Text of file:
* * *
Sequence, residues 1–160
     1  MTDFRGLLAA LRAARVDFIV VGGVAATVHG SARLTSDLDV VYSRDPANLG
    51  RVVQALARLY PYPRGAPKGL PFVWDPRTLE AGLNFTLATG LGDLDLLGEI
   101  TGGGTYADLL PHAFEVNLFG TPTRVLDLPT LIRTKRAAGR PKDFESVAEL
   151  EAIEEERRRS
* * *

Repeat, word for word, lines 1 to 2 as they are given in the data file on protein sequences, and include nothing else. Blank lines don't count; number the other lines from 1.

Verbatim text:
Sequence, residues 1–160
     1  MTDFRGLLAA LRAARVDFIV VGGVAATVHG SARLTSDLDV VYSRDPANLG